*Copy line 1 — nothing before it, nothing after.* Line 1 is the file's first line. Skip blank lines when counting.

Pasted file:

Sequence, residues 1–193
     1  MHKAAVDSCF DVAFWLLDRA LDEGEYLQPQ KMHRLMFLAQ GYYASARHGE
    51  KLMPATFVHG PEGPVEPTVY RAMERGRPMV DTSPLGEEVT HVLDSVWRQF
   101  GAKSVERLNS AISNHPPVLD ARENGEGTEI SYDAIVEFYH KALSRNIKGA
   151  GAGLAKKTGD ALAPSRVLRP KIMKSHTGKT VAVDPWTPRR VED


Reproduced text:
Sequence, residues 1–193